Europe Economy

Euro Zone Economy Heads for Sharp Slowdown


Euro zone economic growth looks set for a sharp slowdown in the second quarter after a strong performance at the start of the year, data showed on Friday, but rocketing inflation will keep interest rates on hold.

A closely-watched index of the euro zone services economy showed a steep slide in May as a strong euro and surging oil prices tore into companies' margins and hinted at weaker growth round the corner.

The RBS/NTC Flash Eurozone Purchasing Managers Index for services companies, ranging from hotels to banks, fell to 50.6 in May from 52.0 in April, matching a 4-1/2 year low reached in January, and well below the 51.7 forecast by economists.

The index is now only just above the 50.0 mark that separates growth from contraction.

At the same time, growth in prices charged by services companies accelerated.

Separate data showed the Italian economy grew by 0.4 percent in the first quarter, better than the 0.2 percent expected by economists, after contracting in the previous three months. But it remained way behind the strong 1.5 percent seen in Germany.

Yet a strong start to the year despite the restrictions of the global credit crunch does not look like it held on, and there are now significant differences in the pace of growth among the top four euro zone economies.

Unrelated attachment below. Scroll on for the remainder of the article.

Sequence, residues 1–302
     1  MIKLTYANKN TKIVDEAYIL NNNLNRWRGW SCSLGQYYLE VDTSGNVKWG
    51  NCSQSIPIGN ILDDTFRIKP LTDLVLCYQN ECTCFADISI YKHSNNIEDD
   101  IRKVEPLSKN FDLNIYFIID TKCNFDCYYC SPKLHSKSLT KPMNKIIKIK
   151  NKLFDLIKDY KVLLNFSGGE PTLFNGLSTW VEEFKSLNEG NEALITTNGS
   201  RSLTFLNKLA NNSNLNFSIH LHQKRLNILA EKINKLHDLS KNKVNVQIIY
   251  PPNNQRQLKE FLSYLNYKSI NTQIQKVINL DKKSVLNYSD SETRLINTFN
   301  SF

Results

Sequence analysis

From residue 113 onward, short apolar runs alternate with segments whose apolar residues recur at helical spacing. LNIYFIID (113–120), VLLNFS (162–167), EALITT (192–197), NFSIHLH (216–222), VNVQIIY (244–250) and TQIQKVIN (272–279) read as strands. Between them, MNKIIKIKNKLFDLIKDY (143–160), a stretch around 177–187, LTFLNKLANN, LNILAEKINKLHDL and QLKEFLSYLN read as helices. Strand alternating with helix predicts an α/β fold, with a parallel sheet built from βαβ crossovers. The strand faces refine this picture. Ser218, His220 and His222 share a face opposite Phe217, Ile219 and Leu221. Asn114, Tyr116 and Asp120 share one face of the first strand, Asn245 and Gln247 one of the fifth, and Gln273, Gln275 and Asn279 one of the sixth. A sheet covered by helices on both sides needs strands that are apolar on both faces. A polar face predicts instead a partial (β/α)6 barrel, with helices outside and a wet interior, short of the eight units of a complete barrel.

"The numbers are suggesting that the second quarter will be pretty weak. We are looking at growth pretty close to stagnation if this continues," said Dario Perkins at ABN Amro.

French consumer spending fell 0.8 percent last month as shoppers shunned car purchases and new clothes, underscoring the view that growth has slowed down sharply from the first quarter. Economists had expected a 0.7 percent rise in spending.

"The second quarter isn't looking good at all," said Societe Generale economist Olivier Gasnier.

Inflation Worries

But with oil close to a record high of $135 dollar a barrel inflation will probably remain high through the summer, preventing the European Central Bank from even contemplating an interest rate cut.

Economists are gradually scratching out the cuts they had forecast from the ECB since the start of the year and coming round to the idea that rates on hold at 4.0 percent seems likely for now.

"The dilemma for the ECB is that inflation is getting worse certainly in the near-term," said Mark Wall at Deutsche Bank.

Euro zone inflation is set to climb back towards its recent record high this month, likely to hit 3.5 percent when figures are released next week, compared with the current 3.3 percent. This is well above the ECB's 2.0 percent ceiling.

The other major concern is diverging growth.

Flash data for Germany released earlier on Friday also showed a slowdown across both its manufacturing and services sectors, though holding at robust levels, while corresponding French data showed levels closer to contraction.

Italy's better than expected performance in the first three months of this year followed a 0.4 percent contraction in the fourth quarter of 2007 and recent business surveys there are pointing to stagnation or contraction.

"The Q1 result is a little bit better than expected but it comes after a big contraction, so it doesn't significantly change the picture," said Deutsche Bank economist Susana Garcia.